Mom Wins Lawsuit After Losing Custody of Newborn Over Poppy Seed Bagel

By: Gawker Email
By: Gawker Email

A woman who temporarily lost custody of her newborn baby because she failed a hospital-mandated drug test after eating a poppy seed bagel won a huge settlement from Pennsylvania child welfare services and her hospital on Tuesday.

Just before going into labor in April 2010, Elizabeth Mort ate a poppy seed bagel. Poppy seed bagels can trigger a false positive in drug tests with low thresholds for opiate detection, which is why federal standards set the minimum detection rate at 2,000 nanograms per milliliter. Unfortunately for Mort, Jameson Hospital's drug test, which they gave to Mort either shortly before or after her daughter's birth, uses a minimum of 300 nanograms.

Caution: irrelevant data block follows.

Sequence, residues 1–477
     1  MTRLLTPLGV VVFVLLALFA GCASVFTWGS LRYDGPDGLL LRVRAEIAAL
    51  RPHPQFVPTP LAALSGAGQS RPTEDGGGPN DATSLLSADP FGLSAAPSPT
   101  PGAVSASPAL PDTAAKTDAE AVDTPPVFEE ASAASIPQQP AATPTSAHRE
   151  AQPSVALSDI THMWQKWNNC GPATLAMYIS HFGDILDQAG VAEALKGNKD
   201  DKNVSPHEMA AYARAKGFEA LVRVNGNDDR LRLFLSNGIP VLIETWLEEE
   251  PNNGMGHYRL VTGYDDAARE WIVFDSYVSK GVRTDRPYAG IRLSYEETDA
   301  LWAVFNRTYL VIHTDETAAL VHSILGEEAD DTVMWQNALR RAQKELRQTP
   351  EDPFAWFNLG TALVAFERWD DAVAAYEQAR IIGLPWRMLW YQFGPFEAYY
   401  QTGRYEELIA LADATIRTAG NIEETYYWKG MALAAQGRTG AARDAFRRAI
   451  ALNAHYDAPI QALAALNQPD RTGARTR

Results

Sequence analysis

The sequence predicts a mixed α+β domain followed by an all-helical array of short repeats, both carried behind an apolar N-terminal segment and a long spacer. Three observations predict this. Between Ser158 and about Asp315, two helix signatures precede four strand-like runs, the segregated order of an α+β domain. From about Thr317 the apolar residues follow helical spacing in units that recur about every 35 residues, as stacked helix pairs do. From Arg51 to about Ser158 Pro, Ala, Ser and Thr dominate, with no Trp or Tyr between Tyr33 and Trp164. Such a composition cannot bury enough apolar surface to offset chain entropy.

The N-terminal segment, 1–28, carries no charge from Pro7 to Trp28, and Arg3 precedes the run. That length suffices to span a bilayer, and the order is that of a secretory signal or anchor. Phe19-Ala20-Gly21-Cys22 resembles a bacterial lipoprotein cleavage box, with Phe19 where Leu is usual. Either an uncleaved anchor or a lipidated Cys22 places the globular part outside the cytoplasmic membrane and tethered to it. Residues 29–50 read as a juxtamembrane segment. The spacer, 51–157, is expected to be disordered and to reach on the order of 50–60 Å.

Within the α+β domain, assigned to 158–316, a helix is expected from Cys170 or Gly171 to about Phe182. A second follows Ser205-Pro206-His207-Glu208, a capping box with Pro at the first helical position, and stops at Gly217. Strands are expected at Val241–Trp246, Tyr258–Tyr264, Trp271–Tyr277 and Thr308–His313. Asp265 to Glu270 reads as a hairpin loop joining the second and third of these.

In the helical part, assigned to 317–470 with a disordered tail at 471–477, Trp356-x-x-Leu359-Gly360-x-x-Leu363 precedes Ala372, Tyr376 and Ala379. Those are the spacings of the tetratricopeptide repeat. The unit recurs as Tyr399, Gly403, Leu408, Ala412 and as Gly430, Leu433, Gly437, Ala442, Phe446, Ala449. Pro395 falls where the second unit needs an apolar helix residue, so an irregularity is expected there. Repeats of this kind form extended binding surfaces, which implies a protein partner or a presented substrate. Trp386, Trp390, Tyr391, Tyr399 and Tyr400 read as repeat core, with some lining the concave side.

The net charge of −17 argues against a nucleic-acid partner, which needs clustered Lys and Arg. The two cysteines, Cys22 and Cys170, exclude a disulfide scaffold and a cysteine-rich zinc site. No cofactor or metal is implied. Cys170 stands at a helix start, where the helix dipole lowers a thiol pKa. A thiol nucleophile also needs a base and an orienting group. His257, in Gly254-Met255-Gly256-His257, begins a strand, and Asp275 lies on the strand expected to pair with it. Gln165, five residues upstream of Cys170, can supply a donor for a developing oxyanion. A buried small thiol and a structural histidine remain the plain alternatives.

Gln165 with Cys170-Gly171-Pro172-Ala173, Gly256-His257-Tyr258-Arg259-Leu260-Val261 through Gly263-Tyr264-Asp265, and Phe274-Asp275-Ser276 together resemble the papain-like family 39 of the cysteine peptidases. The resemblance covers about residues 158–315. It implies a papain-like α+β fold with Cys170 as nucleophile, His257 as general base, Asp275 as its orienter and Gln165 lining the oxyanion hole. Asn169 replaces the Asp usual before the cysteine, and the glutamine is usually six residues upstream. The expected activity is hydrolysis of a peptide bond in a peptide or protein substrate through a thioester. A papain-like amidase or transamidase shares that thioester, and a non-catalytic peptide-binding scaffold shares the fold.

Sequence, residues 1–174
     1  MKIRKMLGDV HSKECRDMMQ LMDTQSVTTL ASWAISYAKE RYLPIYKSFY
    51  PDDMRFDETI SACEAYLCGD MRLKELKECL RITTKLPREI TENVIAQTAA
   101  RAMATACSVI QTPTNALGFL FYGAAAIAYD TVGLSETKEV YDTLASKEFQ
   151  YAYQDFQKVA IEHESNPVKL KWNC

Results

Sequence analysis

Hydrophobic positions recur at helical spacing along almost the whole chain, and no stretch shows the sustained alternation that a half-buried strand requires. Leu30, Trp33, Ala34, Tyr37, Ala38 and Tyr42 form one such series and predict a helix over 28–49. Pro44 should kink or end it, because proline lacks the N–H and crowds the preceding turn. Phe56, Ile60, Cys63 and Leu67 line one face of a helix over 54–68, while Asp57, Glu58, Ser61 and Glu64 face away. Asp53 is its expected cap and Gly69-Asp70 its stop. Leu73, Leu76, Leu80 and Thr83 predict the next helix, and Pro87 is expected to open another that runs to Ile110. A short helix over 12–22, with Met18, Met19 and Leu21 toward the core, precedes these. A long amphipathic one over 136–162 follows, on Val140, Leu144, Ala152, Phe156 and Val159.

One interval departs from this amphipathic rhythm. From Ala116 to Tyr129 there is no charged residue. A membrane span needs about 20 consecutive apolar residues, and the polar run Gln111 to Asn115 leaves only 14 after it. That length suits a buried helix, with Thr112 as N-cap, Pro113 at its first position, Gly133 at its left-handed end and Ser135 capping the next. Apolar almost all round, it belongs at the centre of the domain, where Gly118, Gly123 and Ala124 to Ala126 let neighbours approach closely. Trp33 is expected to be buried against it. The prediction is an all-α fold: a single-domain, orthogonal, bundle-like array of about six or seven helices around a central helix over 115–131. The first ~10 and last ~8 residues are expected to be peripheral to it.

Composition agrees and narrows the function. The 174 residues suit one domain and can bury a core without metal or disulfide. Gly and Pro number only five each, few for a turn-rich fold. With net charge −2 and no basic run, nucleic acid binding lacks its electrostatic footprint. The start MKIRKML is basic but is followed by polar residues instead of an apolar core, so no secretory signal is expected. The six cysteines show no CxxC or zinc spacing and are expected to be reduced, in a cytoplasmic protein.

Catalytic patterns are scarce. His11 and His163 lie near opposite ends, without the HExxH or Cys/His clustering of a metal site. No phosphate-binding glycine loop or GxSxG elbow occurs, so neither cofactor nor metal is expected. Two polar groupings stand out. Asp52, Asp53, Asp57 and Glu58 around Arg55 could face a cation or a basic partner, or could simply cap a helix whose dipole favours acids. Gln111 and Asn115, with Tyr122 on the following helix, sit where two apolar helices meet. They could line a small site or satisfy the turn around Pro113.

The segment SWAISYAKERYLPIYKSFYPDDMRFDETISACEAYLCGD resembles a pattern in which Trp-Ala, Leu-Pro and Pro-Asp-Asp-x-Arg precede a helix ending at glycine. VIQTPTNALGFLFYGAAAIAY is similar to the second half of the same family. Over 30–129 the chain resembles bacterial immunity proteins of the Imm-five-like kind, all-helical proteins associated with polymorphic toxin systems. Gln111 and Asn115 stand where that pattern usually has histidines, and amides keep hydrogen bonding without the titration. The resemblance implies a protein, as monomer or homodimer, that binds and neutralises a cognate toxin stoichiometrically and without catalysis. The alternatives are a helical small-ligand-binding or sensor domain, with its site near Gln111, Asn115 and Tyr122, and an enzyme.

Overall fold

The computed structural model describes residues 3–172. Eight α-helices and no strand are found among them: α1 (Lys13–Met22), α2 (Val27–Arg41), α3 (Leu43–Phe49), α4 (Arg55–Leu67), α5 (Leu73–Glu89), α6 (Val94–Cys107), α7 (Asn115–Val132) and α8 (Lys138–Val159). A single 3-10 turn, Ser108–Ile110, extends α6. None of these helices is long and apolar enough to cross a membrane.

Mort failed the drug test, testing positive for opiates/bagels, but, for reasons that aren't clear, the hospital didn't notify her. Instead, officials from the hospital went straight to child welfare services in Pennsylvania.

Three days later, Mort was at home with her newborn daughter, Isabella — and still unaware that she'd failed a drug test — when child service officials arrived with an emergency protective custody order. The officials took Isabella from her mother and didn't return her for five days, after they found no evidence that Mort had used any sort of illegal drugs.

In October 2010, the ACLU filed a lawsuit on behalf of Mort.

"Elizabeth Mort never imagined that the last thing she ate before giving birth to her daughter - a poppy seed bagel - would lead to the loss of her newborn, but that is exactly what happened after the Jameson Health System failed to account for the possibility that her positive urine drug screen was due to her ingestion of poppy seeds," the lawsuit said.

The lawsuit was settled on Tuesday, and Mort was awarded over $143,000.

"We hope that this case will encourage hospitals that routinely test pregnant women for drug use to reconsider that practice due to the harm that can result from false positives," said ACLU lawyer Sara Rose.


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